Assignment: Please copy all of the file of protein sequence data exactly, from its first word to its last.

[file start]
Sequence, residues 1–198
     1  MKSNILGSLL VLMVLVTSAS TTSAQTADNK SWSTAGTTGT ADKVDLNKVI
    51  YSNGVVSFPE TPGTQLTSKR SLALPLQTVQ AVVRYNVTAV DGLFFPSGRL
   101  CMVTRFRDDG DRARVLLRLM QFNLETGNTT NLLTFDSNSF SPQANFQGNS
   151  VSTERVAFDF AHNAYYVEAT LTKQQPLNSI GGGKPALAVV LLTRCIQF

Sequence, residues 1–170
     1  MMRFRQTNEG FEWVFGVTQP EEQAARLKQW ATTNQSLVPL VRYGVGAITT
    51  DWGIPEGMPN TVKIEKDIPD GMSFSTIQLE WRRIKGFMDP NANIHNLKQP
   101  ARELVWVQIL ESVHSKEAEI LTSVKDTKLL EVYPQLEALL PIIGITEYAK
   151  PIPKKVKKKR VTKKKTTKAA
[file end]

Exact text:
Sequence, residues 1–198
     1  MKSNILGSLL VLMVLVTSAS TTSAQTADNK SWSTAGTTGT ADKVDLNKVI
    51  YSNGVVSFPE TPGTQLTSKR SLALPLQTVQ AVVRYNVTAV DGLFFPSGRL
   101  CMVTRFRDDG DRARVLLRLM QFNLETGNTT NLLTFDSNSF SPQANFQGNS
   151  VSTERVAFDF AHNAYYVEAT LTKQQPLNSI GGGKPALAVV LLTRCIQF

Sequence, residues 1–170
     1  MMRFRQTNEG FEWVFGVTQP EEQAARLKQW ATTNQSLVPL VRYGVGAITT
    51  DWGIPEGMPN TVKIEKDIPD GMSFSTIQLE WRRIKGFMDP NANIHNLKQP
   101  ARELVWVQIL ESVHSKEAEI LTSVKDTKLL EVYPQLEALL PIIGITEYAK
   151  PIPKKVKKKR VTKKKTTKAA